Yep, give it a wash and depending on how big it is (cant be done with a big mirror, but works great for secondaries) - give it a good shake to get residual droplets off, or quickly blow them off with a rocket blower... that will reduce the chances of any water marks that may arise from using non-pure water when you rinse it.

Can DI (de-ionised) water be used for the final rinse?  In work we use this if we need to clean PCBs without leaving the residues caused by tap water.

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2 hours ago, Starwiz said:

Can DI (de-ionised) water be used for the final rinse?  In work we use this if we need to clean PCBs without leaving the residues caused by tap water.

Yep, thats what I use - but it still needs to be gotten off as much as possible before drying because it does leave some marks if left to evaporate. You will find distilled water very hard to obtain off the shelf, it can be gotten online or via a pharmacist (who has to order it in).

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22 minutes ago, Stub Mandrel said:

Should this thread be made sticky or added to the FAQs?

:icon_biggrin:

Nah, there are loads of threads regarding this subject. A simple search would bring back quite a few results.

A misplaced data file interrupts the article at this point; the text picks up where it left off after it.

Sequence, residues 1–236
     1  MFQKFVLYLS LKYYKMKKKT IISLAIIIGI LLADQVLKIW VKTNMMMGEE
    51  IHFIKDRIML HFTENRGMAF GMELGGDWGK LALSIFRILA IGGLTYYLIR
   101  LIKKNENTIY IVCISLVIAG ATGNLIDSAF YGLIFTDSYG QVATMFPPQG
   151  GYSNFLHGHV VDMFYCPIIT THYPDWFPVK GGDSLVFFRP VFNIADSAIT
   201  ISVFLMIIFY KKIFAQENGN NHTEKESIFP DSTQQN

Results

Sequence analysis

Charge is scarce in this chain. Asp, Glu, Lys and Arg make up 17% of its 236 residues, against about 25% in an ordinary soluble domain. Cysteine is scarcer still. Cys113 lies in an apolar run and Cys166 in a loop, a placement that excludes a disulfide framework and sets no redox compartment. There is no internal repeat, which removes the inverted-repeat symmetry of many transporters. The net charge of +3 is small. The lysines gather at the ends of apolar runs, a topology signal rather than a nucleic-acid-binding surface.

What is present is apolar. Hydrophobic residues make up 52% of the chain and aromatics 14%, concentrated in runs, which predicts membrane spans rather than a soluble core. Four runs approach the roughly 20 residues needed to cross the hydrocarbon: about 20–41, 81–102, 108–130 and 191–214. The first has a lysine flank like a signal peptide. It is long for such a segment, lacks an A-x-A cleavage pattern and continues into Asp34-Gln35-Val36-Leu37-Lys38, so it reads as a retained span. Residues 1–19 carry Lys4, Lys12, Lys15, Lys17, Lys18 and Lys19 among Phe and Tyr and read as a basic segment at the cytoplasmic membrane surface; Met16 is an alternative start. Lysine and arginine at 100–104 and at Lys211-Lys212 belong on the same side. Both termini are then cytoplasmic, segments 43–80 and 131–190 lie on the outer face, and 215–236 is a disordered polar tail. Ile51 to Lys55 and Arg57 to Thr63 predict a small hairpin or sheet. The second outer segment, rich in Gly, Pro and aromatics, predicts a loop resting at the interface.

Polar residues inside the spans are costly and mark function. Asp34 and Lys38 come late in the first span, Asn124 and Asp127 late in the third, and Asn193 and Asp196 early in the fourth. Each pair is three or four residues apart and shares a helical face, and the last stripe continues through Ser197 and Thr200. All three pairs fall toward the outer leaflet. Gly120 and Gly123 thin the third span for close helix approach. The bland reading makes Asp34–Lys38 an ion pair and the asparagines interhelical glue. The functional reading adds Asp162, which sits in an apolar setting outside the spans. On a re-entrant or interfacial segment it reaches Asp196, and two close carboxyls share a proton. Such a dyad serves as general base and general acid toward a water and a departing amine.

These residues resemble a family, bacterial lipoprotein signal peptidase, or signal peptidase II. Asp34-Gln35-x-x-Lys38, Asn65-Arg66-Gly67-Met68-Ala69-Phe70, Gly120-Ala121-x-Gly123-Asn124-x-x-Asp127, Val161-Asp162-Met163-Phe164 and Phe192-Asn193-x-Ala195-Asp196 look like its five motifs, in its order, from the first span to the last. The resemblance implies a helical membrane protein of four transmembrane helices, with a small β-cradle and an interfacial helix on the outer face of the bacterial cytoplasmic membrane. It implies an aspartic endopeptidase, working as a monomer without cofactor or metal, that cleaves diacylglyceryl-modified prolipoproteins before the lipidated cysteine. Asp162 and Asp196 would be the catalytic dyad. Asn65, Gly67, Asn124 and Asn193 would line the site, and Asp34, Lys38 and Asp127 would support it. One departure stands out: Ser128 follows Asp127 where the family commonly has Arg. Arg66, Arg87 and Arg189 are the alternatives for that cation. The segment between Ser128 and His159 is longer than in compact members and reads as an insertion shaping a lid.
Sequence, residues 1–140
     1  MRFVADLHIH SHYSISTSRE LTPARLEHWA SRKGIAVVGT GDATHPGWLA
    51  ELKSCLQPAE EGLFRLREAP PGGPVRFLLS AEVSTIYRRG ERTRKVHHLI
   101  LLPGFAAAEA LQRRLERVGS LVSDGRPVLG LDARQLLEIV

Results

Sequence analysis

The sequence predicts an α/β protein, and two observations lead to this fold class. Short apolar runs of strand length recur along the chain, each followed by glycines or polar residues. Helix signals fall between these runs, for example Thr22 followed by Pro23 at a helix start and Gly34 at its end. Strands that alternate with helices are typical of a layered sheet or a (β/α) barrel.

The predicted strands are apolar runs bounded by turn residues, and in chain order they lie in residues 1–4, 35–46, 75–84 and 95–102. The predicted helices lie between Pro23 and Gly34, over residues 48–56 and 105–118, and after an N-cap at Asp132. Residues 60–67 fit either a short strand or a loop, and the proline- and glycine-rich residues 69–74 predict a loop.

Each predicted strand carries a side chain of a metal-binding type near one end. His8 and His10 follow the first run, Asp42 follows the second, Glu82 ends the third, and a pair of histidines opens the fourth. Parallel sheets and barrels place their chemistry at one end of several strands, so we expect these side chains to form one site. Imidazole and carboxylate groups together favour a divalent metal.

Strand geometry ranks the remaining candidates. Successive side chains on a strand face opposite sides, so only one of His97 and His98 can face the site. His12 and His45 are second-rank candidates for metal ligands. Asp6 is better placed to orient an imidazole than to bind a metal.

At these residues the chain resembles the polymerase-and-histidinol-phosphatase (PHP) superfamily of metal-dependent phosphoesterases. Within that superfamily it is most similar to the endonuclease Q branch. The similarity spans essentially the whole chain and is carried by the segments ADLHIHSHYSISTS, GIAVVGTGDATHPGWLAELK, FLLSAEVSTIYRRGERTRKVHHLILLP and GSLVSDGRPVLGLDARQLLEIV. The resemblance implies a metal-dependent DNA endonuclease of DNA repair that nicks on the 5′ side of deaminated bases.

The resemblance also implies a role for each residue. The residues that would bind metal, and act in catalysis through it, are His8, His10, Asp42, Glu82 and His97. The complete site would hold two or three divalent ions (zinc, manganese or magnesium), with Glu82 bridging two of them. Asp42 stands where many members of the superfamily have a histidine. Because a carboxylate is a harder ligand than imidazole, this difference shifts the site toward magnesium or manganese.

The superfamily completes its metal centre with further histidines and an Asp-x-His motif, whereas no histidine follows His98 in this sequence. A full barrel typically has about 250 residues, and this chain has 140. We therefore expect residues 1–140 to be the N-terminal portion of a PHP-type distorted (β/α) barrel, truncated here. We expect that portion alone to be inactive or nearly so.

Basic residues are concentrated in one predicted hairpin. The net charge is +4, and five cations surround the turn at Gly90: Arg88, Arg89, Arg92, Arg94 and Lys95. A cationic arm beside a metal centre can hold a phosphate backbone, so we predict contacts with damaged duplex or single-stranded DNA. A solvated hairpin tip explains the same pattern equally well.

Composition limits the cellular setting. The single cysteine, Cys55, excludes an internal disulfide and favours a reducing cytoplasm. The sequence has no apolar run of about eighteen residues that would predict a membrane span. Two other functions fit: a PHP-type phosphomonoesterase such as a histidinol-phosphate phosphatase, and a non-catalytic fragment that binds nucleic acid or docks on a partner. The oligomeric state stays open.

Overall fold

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30 minutes ago, Uranium235 said:

Nah, there are loads of threads regarding this subject. A simple search would bring back quite a few results.

? I couldn't find any other threads about fruit-bat poo ;-)

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There is a chance that the initial tissue on a stick left a scratch or two. Probably not the best approach but then I don't know much about the chemistry of bats bodily fluids! If it's high in ammonia or otherwise corrosive it's probably best to get it off as soon as possible.

The good news is that small dull or non-reflective patches don't affect the performance of the mirror so much. Scratches do, if bad enough, because they can scatter light causing loss of contrast.

Good luck with the washing. Any chance of some before and after pictures?

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2 hours ago, Uranium235 said:

Yep, thats what I use - but it still needs to be gotten off as much as possible before drying because it does leave some marks if left to evaporate. You will find distilled water very hard to obtain off the shelf, it can be gotten online or via a pharmacist (who has to order it in).

Bear in mind there may be a difference between distilled and de-ionised.

http://www.distilleddeionizedwater.com/deionized-water-vs-distilled-water/

If DI water isn't available, I think distilled would definitely be better than tap water and, as it's used for topping up car batteries it can be obtained from places like Halfords, etc.